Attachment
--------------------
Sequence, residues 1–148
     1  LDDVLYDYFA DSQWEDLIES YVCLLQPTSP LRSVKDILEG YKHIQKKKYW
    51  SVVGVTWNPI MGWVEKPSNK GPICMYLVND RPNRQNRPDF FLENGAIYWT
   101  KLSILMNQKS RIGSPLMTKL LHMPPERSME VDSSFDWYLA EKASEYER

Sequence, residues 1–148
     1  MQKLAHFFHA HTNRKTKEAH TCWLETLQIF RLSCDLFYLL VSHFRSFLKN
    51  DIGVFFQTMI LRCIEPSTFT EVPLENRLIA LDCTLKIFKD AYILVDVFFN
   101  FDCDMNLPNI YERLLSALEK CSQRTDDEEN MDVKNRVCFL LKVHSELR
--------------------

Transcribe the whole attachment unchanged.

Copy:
Sequence, residues 1–148
     1  LDDVLYDYFA DSQWEDLIES YVCLLQPTSP LRSVKDILEG YKHIQKKKYW
    51  SVVGVTWNPI MGWVEKPSNK GPICMYLVND RPNRQNRPDF FLENGAIYWT
   101  KLSILMNQKS RIGSPLMTKL LHMPPERSME VDSSFDWYLA EKASEYER

Sequence, residues 1–148
     1  MQKLAHFFHA HTNRKTKEAH TCWLETLQIF RLSCDLFYLL VSHFRSFLKN
    51  DIGVFFQTMI LRCIEPSTFT EVPLENRLIA LDCTLKIFKD AYILVDVFFN
   101  FDCDMNLPNI YERLLSALEK CSQRTDDEEN MDVKNRVCFL LKVHSELR